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Public Intimacy: Art and Other Ordinary Acts in South Africa at Yerba Buena Center for the Arts

Mikhael Subotzky and Patrick Waterhouse, Ponte City, 2008-ongoing; installation view, Yerba Buena Center for the Arts, San Francisco. Courtesy of Yerba Buena Center for the Arts and San Francisco Museum of Modern Art. Photo: Ian Reeves.

From our partners at Art Practical, today we bring you Larissa Archer‘s review of Public Intimacy: Art and Other Ordinary Acts in South Africa, currently on view at the Yerba Buena Center for the Arts in San Francisco. The review highlights the work of photographers Mikhael Subotzky and Patrick Waterhouse, whose portraits, video projects, and zines reveal the lives of the residents living in a famous Brutalist building in Johannesburg. This article[.....]

Take Ecstasy With Me at The Whitney Biennial

Jacolby Satterwhite, Reifying Desire 5, 2014 (performance still); duration varied. Courtesy of the artist and The Whitney Museum, New York. Photo: Filip Wolak.

“It would deeply heal me,” artist Jorge Cortiñas urged, “if we all sang this song together.” The ensuing karaoke-like moment was the climax of Cortiñas’ performance, Back Room, which re-told the contentious story of meeting a future lover during an orgy in the dark rear of a now-extinct East Village bar—a story that none of Cortiñas’ straight friends ever wanted to hear. Such tongue-in-cheek emotional self-indulgence invigorated[.....]

Malick Sidibé at Jack Shainman Gallery

Malick Sidibé. Pique-Nique à la Chaussée, 1972/2008; silver gelatin print, 17 x 17 in. (image size). Courtesy of the Artist and Jack Shainman Gallery, New York.

Shotgun Reviews are an open forum where we invite the international art community to contribute timely, short-format responses to an exhibition or event. If you are interested in submitting a Shotgun Review, please click this link for more information. In this Shotgun Review, Bansie Vasvani reviews Malick Sidibé’s photographs at Jack Shainman Gallery in New York City. Malick Sidibé’s photographs of Mali, Africa, at Jack Shainman Gallery, New York, are an ethnographic[.....]

Paradise Lost at the Centre for Contemporary Art, Singapore

Trinh T. Minh-ha. Surname Viet Given Name Nam, 1989 (film still); 16mm; 108 min. Courtesy of Moongift Films.

“Southern Asia, in general, is the seat of awful images and associations. As the cradle of the human race, it would alone have a dim and reverential feeling connected with it… [the] mere antiquity of Asiatic things, of their institutions, histories, modes of faith, &c., is so impressive, that to me the vast age of the race and name overpowers the sense of youth in[.....]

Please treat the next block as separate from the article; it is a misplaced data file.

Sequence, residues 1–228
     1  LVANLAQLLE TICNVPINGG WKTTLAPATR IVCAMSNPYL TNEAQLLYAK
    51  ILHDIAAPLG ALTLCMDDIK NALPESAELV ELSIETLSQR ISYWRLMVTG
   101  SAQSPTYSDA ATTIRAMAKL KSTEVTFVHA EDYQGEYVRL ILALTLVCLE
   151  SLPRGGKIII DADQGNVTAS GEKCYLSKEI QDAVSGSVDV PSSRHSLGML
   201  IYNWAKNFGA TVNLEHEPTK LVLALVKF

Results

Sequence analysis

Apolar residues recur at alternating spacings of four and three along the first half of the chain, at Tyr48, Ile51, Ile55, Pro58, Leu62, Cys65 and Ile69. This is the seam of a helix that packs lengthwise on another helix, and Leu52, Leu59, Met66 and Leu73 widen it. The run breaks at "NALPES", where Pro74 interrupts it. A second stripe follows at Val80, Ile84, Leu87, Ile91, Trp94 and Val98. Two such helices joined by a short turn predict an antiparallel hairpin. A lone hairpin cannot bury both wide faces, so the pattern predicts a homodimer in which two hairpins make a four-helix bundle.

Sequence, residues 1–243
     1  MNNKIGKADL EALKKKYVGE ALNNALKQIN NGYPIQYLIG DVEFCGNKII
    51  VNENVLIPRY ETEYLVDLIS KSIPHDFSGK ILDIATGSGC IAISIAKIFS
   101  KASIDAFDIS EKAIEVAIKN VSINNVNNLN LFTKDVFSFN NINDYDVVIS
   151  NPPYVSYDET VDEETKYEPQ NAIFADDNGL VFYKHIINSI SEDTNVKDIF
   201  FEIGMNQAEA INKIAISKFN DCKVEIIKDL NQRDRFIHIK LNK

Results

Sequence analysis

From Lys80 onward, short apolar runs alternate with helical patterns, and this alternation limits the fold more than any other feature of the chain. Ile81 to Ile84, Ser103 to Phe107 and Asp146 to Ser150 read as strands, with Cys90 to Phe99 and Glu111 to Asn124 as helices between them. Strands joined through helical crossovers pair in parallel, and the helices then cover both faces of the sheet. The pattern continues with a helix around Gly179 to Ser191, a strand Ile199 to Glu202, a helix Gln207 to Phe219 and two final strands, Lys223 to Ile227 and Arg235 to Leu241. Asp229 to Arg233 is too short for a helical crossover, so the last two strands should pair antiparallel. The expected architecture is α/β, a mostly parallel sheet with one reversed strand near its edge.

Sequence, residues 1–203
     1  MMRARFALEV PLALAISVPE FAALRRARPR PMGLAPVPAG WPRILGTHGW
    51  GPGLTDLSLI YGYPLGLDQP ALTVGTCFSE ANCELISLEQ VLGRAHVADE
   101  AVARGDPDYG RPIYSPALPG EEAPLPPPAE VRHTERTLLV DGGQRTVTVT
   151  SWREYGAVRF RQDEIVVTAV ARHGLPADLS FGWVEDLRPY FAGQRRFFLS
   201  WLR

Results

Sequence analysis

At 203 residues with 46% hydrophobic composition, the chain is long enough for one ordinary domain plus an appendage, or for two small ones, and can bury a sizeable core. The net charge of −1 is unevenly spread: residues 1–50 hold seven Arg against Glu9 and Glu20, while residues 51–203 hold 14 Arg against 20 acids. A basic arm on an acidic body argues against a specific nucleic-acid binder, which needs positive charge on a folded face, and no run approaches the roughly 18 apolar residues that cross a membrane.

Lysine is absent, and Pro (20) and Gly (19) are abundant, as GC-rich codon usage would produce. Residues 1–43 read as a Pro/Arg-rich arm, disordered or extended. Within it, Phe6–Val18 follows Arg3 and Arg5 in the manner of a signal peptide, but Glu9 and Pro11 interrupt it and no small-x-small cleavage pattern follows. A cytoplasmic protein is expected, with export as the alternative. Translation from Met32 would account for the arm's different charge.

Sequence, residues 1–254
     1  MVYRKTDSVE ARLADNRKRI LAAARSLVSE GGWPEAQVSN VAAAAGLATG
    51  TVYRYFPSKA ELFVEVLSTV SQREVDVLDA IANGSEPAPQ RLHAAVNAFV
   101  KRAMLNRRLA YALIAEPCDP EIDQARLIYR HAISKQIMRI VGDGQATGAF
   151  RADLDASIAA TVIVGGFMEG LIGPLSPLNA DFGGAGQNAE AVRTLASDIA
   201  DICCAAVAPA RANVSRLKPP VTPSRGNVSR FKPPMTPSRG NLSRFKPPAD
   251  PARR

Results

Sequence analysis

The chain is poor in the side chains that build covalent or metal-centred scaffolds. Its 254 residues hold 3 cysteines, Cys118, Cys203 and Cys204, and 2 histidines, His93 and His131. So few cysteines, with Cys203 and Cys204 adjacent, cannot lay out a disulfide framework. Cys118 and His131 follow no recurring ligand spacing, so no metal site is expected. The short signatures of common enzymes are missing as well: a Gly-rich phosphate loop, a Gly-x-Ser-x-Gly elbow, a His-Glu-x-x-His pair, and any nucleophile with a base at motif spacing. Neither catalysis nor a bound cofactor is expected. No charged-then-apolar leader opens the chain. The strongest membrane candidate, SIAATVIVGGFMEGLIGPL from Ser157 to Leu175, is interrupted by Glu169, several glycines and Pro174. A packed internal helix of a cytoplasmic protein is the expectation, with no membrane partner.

#Hashtags: The Global in the Local

Wendelien van Oldenborgh. La Javanaise, 2012. Film production still. Photo by Bárbara Wagner.

#globalization #museums #access #representation #decolonization #history A recent conference at the Stedelijk Museum in Amsterdam, “Collecting Geographies—Global Programming and Museums of Modern Art,” invited participants to question the responsibilities accrued to arts institutions when they present works of global cultural production as a response to market interest. Each of the topics raised by these questions—globalization, colonial collections, and the critical history of the museum among[.....]

Subverting the Sublime: Wondermountain at Penrith Regional Gallery

Hua Tunan, Fluorescent impression shanshui, 2013, spray paint, 300 x 500, image courtesy the artist

It seemed entirely appropriate that my journey to see Wondermountain at the Penrith Regional Gallery and Lewers Bequest was through rain, a concrete landscape of freeways and overpasses obscured by my windscreen wipers. I arrived beside the swollen Nepean River, the Blue Mountains shrouded in mist, reflecting on the continuing importance of shanshui (mountain/water) painting. A poetic approach to representing landscape evolving from the Tang Dynasty, the[.....]

#Hashtags: The Social and the Political

#engagement #social practice #institutions #academia #authenticity #representation Berkeley has lately been abuzz with social practice of a politically conscious nature that befits the People’s Republic. The Berkeley Art Museum is presenting David Wilson’s The Possible, an exhibition as creative platform that includes numerous artist collaborators and participatory activities for the public. Concurrent with that exhibition, UC Berkeley’s Center for South Asia Studies presented the conference “Collecting[.....]